NSW Health is encouraging pregnant and breastfeeding women to take iodine supplements, following the release of a report yesterday by the COAG Health Council that found the majority of pregnant women in Australia do not consume enough iodine.
Senior Clinical Advisor in Obstetrics at NSW Health, Professor Michael Nicholl, said while most pregnant women have heard about the importance of folic acid, few know the essential role of iodine in protecting their baby’s brain development.
“Rapid brain growth occurs in the first 1000 days of a baby’s life, but most pregnant and breastfeeding women have inadequate iodine levels,” Professor Nicholl said.
“Since mandatory iodine fortification of bread in 2009 we’ve seen a 30 per cent reduction in iodine deficiency among pregnant women, but there is room for improvement.
“Iodine supports the healthy development of the nervous system, coordination, alertness and the five senses of sight, hearing, smell, taste and touch.”
Pregnant and breastfeeding women need more iodine than the average person – 220 and 270 micrograms per day respectively.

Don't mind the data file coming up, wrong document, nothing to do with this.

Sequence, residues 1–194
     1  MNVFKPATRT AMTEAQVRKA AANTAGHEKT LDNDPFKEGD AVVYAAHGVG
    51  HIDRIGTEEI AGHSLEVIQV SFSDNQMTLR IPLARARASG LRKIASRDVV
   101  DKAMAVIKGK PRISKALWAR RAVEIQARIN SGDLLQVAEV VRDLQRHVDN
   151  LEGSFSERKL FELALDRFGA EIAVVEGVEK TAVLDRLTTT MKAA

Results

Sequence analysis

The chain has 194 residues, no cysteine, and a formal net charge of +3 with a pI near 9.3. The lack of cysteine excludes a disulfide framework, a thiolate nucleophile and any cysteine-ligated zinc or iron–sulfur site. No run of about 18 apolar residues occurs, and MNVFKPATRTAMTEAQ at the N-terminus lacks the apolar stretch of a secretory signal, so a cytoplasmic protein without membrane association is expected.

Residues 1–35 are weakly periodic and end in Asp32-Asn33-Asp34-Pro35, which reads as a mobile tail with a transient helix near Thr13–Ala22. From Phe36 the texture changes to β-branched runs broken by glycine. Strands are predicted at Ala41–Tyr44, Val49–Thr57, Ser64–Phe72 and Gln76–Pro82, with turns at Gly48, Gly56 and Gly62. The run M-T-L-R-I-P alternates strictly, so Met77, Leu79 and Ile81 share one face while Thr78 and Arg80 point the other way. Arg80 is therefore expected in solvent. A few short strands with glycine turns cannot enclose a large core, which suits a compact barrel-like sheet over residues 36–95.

“While women can obtain a good proportion of iodine through a healthy diet, we recommend they consume 150 micrograms per day through supplements,” Professor Nicholl said.
“Most foods in Australia contain only small amounts of iodine. Seafood is an excellent source, but pregnant and breastfeeding women should limit themselves to two serves of cooked seafood per week to avoid the high levels of mercury that are present in some fish.”
Other sources of iodine in food include bread, eggs, dairy and iodised salt.
Jo Dunlop, who is 38 weeks pregnant, takes one pregnancy multivitamin tablet a day that she bought from her local pharmacy.
“Like every mother my baby’s health means the world to me. Thankfully, increasing my iodine levels through supplements has been easy and I strongly encourage other mothers to do this,” Ms Dunlop said.